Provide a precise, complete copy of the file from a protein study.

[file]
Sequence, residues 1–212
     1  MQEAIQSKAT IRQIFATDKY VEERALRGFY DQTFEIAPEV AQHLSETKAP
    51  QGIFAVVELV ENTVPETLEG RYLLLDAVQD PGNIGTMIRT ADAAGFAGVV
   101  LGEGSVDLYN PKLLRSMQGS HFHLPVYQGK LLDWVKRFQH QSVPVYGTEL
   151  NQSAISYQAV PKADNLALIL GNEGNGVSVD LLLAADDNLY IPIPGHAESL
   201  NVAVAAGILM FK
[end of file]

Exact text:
Sequence, residues 1–212
     1  MQEAIQSKAT IRQIFATDKY VEERALRGFY DQTFEIAPEV AQHLSETKAP
    51  QGIFAVVELV ENTVPETLEG RYLLLDAVQD PGNIGTMIRT ADAAGFAGVV
   101  LGEGSVDLYN PKLLRSMQGS HFHLPVYQGK LLDWVKRFQH QSVPVYGTEL
   151  NQSAISYQAV PKADNLALIL GNEGNGVSVD LLLAADDNLY IPIPGHAESL
   201  NVAVAAGILM FK